He called the addition an attempt by the House Majority to encourage passage of an income tax, even though half the majority didn’t vote for the higher dividend and many members of the Republican minority did vote for it.

Even if the Senate were to agree with the higher dividend, the idea must survive Gov. Bill Walker, who vetoed half of last year’s dividend and could do so again.

Walker, at the time, said the state needed to prioritize a long-term fix to the deficit.

“Drawing down from limited savings to fund the budget is not a viable plan,” Walker said at the time.

• Contact reporter James Brooks at or call 419-7732.

More in News

Jasmine Chavez, a crew member aboard the Quantum of the Seas cruise ship, waves to her family during a cell phone conversation after disembarking from the ship at Marine Park on May 10. (Mark Sabbatini / Juneau Empire file photo)
Ships in port for the week of June 15

Here’s what to expect this week.

(Michael Penn / Juneau Empire file photo)
Police calls for Thursday, June 13, 2024

This report contains public information from law enforcement and public safety agencies.

Bill Thomas, a former Republican state representative from Haines, announced Friday he is dropping out of the race for the District 3 House seat this fall. (U.S. Sustainability Alliance photo)
Bill Thomas drops out of District 3 House race, says there isn’t time for fishing and campaigning

Haines Republican cites rough start to commercial season; incumbent Andi Story now unopposed.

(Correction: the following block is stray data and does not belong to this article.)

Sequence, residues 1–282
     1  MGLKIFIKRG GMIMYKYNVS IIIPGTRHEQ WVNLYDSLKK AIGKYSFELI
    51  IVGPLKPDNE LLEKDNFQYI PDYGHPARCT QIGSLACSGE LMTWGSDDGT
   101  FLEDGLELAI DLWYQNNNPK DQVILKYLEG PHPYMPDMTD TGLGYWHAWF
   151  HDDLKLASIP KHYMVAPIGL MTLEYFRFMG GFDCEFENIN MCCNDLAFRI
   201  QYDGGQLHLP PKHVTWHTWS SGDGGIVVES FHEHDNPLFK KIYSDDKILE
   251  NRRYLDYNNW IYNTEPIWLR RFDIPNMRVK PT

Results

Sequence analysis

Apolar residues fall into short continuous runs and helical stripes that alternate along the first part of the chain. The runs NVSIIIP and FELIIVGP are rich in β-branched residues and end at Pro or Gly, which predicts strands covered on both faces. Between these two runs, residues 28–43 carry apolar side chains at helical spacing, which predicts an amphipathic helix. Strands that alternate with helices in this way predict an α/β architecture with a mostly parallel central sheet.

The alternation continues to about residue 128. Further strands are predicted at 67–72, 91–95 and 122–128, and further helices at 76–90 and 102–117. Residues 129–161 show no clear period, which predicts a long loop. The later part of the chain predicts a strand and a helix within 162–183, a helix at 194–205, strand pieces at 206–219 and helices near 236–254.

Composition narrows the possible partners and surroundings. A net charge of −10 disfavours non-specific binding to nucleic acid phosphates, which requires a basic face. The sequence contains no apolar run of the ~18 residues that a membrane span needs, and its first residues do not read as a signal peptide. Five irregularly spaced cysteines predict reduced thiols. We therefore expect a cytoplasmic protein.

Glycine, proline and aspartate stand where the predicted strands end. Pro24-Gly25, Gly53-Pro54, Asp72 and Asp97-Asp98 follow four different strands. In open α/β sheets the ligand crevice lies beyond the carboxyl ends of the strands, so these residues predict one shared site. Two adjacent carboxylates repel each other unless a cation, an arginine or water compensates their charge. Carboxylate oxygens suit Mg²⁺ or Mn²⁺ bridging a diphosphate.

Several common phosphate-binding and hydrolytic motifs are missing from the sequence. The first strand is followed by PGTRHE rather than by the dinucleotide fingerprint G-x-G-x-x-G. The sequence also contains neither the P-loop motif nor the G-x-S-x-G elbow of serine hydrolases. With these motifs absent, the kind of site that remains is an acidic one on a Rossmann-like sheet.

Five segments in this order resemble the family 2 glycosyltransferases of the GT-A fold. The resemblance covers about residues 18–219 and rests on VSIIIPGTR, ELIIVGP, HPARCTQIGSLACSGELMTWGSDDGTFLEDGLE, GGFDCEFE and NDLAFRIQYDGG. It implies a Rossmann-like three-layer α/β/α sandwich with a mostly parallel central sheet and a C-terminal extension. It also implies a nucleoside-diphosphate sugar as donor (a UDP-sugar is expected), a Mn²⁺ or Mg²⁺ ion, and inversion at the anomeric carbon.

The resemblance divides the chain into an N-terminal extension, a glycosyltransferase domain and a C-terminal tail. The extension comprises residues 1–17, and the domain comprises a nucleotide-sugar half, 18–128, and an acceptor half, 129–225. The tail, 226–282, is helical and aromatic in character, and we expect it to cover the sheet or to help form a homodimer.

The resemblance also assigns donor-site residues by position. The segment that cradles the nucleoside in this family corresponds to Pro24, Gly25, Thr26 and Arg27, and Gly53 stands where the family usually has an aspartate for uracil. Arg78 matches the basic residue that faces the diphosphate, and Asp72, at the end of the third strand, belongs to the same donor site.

U.S. Rep. Mary Peltola, D-Alaska, speaks at the Alaska Democratic Party’s state convention on May 18 at Elizabeth Peratrovich Hall. (Mark Sabbatini / Juneau Empire file photo)
Peltola among few Democrats to vote for annual defense bill loaded with GOP ‘culture war’ amendments

Alaska congresswoman expresses confidence “poison pills” will be removed from final legislation.

A celebratory sign stands outside Goldbelt Inc.’s new building during the Alaska Native Regional Corporation’s 50th-anniversary celebration on Jan. 4. (Mark Sabbatini / Juneau Empire file photo)
Medical company sues Goldbelt for at least $30M in contract dispute involving COVID-19 vaccine needles

Company says it was stuck with massive stock of useless needles due to improper specs from Goldbelt.

(Michael Penn / Juneau Empire file photo)
Police calls for Wednesday, June 12, 2024

This report contains public information from law enforcement and public safety agencies.

A yearling black bear waits for its mother to return. Most likely she won’t. This time of year juvenile bears are separated, sometimes forcibly, by their mothers as families break up during mating season. (Photo courtesy K. McGuire)
Bearing witness: Young bears get the boot from mom

With mating season for adults underway, juveniles seek out easy food sources in neighborhoods.

A chart shows COVID-19 pathogen levels at the Mendenhall wastewater treatment plant during the past three months. (Data from the U.S. Centers for Disease Control and Prevention’s National Wastewater Surveillance System)
Juneau seeing another increase in COVID-19 cases, but a scarcity of self-test kits

SEARHC, Juneau Drug have limited kits; other locations expect more by Saturday.

Gov. Mike Dunleavy speaks to reporters during a news conference Feb. 7. (James Brooks/Alaska Beacon)
Gov. Dunleavy picks second ex-talk radio host for lucrative fish job after first rejected

Rick Green will serve at least through Legislature’s next confirmation votes in the spring of 2025.

Most Read